Campers turn political probings into guerrilla theater

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"How much blood will be shed before there is peace?"

"Who in their right mind would assassinate someone of their own faith?"

"Why can children learn to share but adults can't?"

These are among the questions that have plagued teens this summer at Saratoga's Camp Swig as they've studied the ins and outs of the Mideast peace process.

Last Thursday in San Francisco's Civic Center Plaza, campers boldly shouted provocative questions during a performance of guerrilla theater. This show was the culmination of a special three-week Swig session called Hevrah (Hebrew for "community"), in which campers devote themselves to a particular issue, then spend a "social action day" in the city practicing what they have learned.

Past issues have ranged from AIDS to disabilities to poverty. This year, campers explored the "path to peace," tracing the history of the Arab-Israeli conflict up to the present day. Their study included a look at such recent developments as the assassination of former Prime Minister Yitzhak Rabin and last spring's Israeli elections.

Some of the campers knew little about the Mideast's complexities before they came to Swig. By last week, however, nearly all had opinions on the subject.

"Being aware has made me feel a lot stronger about it," said 14-year-old Rachel Flynn of San Francisco. "I think peace is a lot better than war and talking is a lot better than fighting."

When the campers reached the city Thursday for social action day, they divided into several groups. While some of the ninth- and 10th-grade campers talked with Israeli Consulate representatives, their thespian counterparts expressed their newfound knowledge onstage, in face paint, to the steady beat of a drum.

"Why does a place so holy use violence to solve its problems?" one member of the performance troupe asked as noontime passersby and a busload of Japanese tourists stopped to check out the action.

Some onlookers left with informational pamphlets on the peace process written by Swig campers. The brochures include facts on the 1993 Oslo Accords, resources for learning more about the Mideast peace process and a list of reasons why people should concern themselves with the topic.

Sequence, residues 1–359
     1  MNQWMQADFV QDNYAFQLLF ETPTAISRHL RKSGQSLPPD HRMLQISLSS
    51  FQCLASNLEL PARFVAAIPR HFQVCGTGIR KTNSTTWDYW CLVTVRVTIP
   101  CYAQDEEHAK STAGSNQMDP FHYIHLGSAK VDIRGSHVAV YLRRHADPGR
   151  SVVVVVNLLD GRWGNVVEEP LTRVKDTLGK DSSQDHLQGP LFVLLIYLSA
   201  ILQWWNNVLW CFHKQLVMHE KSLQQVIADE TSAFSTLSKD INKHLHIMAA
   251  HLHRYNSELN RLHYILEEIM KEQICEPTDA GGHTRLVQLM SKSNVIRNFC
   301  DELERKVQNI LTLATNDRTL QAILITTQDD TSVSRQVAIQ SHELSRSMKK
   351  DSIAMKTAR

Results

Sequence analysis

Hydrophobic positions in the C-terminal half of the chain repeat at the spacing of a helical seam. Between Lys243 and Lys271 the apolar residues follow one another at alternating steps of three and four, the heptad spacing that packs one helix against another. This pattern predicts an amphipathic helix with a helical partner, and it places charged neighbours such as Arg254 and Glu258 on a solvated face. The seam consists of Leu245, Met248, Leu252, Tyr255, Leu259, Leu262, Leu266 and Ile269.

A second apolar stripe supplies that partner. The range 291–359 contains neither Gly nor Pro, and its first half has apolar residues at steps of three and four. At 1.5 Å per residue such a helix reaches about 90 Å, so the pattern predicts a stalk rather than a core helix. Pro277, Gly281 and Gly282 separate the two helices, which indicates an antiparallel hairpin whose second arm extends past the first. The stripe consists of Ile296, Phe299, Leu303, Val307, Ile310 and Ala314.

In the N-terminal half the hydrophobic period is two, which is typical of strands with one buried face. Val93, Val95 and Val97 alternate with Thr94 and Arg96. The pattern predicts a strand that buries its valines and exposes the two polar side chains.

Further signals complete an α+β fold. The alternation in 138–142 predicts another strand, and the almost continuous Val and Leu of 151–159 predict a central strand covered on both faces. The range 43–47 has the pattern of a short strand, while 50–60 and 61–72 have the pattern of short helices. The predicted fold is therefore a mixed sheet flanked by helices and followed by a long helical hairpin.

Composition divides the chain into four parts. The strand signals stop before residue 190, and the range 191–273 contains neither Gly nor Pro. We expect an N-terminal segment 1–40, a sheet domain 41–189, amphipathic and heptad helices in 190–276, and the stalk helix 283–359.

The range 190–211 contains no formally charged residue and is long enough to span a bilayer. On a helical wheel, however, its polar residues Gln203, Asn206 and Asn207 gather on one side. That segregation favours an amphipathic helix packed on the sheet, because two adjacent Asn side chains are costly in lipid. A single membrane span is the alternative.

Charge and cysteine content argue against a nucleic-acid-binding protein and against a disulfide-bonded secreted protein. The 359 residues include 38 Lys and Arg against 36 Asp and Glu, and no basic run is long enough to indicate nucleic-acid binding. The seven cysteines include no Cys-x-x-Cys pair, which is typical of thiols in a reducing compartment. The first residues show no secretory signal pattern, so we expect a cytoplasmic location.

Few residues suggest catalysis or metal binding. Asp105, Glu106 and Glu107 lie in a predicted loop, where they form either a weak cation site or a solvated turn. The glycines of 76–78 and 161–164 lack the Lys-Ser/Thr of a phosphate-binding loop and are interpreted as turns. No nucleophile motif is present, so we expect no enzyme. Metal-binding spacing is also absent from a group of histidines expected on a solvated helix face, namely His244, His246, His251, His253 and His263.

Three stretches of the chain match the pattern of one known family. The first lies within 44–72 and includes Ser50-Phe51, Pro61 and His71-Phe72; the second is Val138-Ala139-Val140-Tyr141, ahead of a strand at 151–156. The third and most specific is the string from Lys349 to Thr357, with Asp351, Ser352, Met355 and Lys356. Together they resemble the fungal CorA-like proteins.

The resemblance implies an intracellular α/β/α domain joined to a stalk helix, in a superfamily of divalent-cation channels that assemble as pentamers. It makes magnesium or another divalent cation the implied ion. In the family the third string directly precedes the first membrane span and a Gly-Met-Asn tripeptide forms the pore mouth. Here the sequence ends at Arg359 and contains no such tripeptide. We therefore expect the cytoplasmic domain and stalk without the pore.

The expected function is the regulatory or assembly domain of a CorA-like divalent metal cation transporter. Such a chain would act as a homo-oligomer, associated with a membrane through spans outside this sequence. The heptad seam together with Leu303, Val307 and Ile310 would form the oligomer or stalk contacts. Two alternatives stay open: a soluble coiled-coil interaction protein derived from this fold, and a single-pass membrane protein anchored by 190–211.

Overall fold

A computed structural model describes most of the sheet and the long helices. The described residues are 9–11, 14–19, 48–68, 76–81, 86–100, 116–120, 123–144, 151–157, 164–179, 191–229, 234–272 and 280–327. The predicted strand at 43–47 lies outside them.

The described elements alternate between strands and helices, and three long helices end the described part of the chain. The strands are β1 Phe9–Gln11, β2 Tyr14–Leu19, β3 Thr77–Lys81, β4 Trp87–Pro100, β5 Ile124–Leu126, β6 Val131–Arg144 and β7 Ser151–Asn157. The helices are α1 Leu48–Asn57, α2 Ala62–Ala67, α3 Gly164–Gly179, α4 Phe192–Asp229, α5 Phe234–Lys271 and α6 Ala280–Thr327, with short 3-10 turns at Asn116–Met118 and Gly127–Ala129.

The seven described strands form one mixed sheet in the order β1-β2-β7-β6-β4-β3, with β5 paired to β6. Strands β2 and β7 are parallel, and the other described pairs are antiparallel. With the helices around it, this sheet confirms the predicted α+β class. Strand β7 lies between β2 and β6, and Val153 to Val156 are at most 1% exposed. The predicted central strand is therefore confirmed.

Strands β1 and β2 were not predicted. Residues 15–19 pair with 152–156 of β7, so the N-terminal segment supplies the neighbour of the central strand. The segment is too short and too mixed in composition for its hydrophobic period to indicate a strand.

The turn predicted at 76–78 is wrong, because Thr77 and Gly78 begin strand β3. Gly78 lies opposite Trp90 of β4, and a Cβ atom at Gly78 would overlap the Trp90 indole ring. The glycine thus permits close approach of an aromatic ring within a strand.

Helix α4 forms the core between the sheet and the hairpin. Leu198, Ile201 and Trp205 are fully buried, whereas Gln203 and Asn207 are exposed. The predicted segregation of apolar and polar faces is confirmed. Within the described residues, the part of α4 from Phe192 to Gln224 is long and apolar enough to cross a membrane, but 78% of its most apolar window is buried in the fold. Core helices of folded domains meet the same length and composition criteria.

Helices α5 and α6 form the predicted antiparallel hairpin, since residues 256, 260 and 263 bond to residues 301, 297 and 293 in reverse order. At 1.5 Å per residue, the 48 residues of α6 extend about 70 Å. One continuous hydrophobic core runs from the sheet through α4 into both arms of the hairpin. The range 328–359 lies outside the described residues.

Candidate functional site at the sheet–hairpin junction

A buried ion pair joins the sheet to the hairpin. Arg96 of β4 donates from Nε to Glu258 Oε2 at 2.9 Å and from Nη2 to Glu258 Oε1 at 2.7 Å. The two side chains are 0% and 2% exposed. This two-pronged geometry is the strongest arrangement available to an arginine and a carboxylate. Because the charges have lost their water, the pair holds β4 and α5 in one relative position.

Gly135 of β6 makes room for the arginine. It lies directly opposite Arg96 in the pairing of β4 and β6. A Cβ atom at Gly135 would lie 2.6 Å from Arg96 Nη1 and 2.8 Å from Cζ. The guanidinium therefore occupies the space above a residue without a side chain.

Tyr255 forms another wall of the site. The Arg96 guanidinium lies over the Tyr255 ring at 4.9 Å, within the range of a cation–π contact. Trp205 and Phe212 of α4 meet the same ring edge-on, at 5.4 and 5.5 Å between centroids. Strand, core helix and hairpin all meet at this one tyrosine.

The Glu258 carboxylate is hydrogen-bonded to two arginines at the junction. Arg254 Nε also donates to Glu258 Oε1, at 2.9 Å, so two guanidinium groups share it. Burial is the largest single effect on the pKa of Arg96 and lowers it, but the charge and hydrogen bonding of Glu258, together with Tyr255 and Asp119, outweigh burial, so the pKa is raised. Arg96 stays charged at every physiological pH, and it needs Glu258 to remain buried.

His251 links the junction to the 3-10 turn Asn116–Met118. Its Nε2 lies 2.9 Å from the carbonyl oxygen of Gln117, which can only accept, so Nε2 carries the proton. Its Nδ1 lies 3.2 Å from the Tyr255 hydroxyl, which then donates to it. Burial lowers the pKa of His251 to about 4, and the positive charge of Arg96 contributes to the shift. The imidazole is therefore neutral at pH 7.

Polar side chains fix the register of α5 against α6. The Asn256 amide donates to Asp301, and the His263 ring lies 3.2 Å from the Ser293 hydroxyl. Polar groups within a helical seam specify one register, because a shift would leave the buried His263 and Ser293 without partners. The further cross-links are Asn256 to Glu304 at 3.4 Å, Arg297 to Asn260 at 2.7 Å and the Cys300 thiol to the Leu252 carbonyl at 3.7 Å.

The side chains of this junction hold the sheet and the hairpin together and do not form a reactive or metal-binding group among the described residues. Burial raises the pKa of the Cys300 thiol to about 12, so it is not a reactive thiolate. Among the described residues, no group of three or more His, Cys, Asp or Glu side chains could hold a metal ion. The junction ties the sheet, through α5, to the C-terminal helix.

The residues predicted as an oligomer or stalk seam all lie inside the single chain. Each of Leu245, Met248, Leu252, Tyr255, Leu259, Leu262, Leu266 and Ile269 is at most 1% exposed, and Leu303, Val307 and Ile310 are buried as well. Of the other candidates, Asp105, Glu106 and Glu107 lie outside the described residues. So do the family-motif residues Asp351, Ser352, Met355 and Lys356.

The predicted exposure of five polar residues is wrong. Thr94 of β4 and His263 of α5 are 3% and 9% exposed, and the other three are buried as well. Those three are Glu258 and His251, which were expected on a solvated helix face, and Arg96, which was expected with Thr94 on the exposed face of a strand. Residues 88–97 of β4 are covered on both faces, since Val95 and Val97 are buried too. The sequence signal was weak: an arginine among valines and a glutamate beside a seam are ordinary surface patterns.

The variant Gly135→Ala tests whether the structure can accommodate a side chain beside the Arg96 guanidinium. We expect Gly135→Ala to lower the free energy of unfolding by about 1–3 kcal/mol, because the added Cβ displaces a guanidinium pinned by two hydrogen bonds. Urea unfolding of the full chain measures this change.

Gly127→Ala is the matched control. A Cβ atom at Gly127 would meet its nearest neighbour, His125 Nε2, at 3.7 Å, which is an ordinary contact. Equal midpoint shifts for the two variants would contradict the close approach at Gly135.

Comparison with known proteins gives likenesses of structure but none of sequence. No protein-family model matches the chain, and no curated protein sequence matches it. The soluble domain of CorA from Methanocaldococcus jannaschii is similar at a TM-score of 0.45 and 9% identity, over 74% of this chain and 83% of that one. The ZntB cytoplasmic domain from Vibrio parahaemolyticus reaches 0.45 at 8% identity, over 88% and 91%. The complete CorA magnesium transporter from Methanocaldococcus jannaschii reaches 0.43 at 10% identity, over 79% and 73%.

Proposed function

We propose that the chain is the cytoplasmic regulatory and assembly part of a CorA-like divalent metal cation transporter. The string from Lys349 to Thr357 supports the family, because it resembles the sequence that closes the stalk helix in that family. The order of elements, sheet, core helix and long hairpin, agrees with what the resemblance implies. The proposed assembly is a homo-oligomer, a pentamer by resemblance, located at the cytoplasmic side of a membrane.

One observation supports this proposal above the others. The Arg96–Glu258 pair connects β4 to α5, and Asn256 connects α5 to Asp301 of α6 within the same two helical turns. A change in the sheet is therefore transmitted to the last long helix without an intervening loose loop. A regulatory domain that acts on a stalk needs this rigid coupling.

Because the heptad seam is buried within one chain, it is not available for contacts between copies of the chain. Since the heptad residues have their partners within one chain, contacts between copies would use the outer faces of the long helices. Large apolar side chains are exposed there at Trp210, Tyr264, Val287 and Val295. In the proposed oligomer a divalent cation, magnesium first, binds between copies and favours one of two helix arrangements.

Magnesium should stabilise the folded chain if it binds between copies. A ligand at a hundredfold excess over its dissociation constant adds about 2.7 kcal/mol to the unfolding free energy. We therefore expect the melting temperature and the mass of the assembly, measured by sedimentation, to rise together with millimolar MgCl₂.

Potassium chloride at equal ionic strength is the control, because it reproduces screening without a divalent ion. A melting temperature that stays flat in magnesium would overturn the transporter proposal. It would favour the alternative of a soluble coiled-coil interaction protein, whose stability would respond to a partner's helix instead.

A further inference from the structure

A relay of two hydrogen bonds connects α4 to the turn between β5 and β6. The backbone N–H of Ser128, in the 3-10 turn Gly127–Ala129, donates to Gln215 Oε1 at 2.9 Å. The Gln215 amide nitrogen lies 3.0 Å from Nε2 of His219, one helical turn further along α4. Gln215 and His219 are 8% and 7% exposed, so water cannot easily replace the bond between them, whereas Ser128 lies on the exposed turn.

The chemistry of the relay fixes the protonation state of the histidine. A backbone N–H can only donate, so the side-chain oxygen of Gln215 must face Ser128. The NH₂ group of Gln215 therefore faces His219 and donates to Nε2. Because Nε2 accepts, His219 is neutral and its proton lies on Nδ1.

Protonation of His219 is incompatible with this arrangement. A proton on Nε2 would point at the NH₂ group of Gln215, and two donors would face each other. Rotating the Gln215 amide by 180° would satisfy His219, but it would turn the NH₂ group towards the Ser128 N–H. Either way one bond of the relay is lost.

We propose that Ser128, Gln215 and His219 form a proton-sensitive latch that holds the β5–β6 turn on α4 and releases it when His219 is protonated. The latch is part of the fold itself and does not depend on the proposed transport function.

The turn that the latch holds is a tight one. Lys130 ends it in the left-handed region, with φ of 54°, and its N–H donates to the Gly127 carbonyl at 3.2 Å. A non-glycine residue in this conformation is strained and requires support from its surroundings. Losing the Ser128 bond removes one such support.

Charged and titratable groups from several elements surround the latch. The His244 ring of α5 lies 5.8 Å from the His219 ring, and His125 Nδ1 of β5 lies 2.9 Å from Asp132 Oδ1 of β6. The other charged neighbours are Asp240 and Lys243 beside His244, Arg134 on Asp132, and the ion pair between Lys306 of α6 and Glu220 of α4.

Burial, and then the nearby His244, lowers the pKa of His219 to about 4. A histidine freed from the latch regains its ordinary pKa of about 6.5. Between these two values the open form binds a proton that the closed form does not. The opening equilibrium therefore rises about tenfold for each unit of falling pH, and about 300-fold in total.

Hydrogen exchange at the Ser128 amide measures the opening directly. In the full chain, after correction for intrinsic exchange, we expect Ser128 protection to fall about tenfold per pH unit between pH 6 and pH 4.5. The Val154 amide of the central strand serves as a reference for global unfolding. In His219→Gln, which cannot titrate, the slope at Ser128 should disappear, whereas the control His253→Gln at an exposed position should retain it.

The brochures drafted a number of reasons: "If a war starts, the United States could become involved"; "Peace between Arabs and Israelis could increase American-Arab-Israeli trade"; and "The Arabs and Israelis deserve to live without fear for their lives."

The way some of the campers talked about the subject, you'd think they'd been following Mideast issues for years.

"Peace is much more important than anything else in the world," said Daniel Kahn, 13, of Greenbrae. "Although the land is very important, I think we need to give up as much land as [necessary] for peace."

Though Kahn's friend Joseph Guiliano agreed that peace is desirable, he offered a different perspective on how it should be achieved.

"I'm very right-wing," said the Stockton 14-year-old. "I believe the land is Israel. We won the land in wars that we didn't even go out [and start]. I think we're the ones who should be making the terms, not the Palestinians."

Though they have argued about the prickly Mideast before, Kahn and Guiliano said their friendship can withstand differing viewpoints.

"We see that we both want peace. That's a similarity," Kahn said.

Sara Zacharia, the camp's education director, said the camp does not adhere to a particular political bias, and that she was impressed by campers' abilities to sift through complex information and form their own ideas.

"Their opinions really run the gamut from left to right and back to left again," she said.

Leslie Katz
Leslie Katz

Leslie Katz is the former culture editor at CNET and a former J. staff writer. Follow her on Twitter @lesatnews.